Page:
(Sidenote: RacinePost actually started as a site meant only to do this. But that was way back in the halcyon news days of 2007 when the Journal-Sentinel had its Sturtevant bureau and newspapers and TV stations' around the country hadn't laid off hundreds, even thousands, of scribes. There was a lot more news being reported back then and Racine popped up a lot more often. As the cutbacks took hold, we started writing more stories to try and fill the void.)
Anyway, we've been doing our morning Google searches this week and it's suddenly gotten a lot harder to sift out local news. Two "Racine" stories are trumping the real Racine (little plug for Dave Blank's crew).
The first is a recount in the Democratic primary for governor of Vermont where Doug Racine is trailing Peter Shumlin by about 200 votes after the Aug. 24 election. Racine's name has been popping up for several months as he ran for Vermont's top seat.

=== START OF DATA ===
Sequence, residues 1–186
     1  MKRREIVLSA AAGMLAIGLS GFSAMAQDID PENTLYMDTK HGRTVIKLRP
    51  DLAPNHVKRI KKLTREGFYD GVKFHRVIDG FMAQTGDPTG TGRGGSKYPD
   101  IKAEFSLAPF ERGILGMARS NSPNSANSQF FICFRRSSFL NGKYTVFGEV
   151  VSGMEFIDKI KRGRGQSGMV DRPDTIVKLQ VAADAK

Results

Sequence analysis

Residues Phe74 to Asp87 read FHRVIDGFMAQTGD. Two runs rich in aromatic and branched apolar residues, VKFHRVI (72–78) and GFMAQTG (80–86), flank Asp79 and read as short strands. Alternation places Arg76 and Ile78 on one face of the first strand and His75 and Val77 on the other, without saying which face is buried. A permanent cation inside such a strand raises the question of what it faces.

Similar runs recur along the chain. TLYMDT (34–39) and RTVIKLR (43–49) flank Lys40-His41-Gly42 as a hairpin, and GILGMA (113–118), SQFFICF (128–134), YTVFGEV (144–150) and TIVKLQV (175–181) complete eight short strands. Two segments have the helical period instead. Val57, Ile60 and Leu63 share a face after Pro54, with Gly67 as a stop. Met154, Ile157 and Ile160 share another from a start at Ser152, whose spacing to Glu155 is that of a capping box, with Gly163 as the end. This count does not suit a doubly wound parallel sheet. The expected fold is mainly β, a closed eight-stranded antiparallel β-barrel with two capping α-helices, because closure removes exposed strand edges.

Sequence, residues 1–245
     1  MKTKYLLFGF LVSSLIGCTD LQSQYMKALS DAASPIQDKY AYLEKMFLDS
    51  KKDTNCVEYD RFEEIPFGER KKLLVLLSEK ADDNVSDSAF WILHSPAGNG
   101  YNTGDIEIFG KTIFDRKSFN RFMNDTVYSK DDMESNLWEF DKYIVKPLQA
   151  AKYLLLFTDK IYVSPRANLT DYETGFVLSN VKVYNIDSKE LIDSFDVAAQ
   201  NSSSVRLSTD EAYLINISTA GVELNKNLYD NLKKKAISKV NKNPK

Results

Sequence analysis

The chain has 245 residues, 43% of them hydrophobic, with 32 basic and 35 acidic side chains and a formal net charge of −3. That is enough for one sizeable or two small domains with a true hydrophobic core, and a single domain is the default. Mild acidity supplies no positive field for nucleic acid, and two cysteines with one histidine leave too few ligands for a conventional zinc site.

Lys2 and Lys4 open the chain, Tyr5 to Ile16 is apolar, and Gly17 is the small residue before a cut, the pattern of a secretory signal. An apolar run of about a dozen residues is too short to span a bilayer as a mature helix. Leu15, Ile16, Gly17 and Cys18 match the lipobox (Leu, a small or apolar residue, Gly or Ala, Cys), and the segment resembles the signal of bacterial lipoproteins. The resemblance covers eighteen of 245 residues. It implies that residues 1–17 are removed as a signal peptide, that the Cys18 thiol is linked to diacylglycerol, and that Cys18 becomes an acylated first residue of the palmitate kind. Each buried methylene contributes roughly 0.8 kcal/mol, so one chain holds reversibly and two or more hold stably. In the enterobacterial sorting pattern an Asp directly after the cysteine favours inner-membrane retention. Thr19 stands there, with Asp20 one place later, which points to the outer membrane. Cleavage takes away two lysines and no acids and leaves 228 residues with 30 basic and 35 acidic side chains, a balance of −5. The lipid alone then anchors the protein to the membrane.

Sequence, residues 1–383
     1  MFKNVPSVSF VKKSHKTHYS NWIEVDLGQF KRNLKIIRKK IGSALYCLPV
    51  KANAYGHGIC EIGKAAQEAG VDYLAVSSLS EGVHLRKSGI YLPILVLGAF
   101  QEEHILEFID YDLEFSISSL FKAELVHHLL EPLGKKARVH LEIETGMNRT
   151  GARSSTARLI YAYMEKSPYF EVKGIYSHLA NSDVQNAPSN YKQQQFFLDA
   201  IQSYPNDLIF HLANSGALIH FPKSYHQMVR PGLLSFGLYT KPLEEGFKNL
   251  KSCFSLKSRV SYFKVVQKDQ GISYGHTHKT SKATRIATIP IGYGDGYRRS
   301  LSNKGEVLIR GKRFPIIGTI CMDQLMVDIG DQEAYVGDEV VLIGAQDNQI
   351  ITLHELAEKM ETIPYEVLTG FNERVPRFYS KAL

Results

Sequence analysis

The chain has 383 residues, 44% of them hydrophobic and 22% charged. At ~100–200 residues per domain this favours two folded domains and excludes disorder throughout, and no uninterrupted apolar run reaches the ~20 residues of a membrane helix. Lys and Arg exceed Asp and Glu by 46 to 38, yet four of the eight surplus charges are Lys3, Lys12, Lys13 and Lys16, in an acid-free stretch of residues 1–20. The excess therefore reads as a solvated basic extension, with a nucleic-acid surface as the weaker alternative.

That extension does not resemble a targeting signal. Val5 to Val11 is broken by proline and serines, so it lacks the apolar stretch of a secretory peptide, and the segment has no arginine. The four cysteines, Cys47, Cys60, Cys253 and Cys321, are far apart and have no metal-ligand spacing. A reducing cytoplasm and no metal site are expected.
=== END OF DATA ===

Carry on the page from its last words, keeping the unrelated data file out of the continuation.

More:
Another common result for a "Racine" search is French dramatist Jean Racine, who apparently achieved "neo-classical perfection." And there are six other communities in the U.S. with the name Racine, which is French for "root." States with their own Racine's include: Iowa, Minnesota, Missouri, Ohio, Pennsylvania, West Virginia and Wisconsin.
If we mix all of this together, what do we have? A "Racine" Hall of Fame, of course!
The hall would include history of the seven Racine's in the U.S., the model Racine's body of work,, a tribute to the great Vermont Recall of 2010, and an annual production of "Phedre." If that's not a party, who needs parties?
I bet we could even get Brad Pitt to fly in.
Here's Racine, MN, representin' ...
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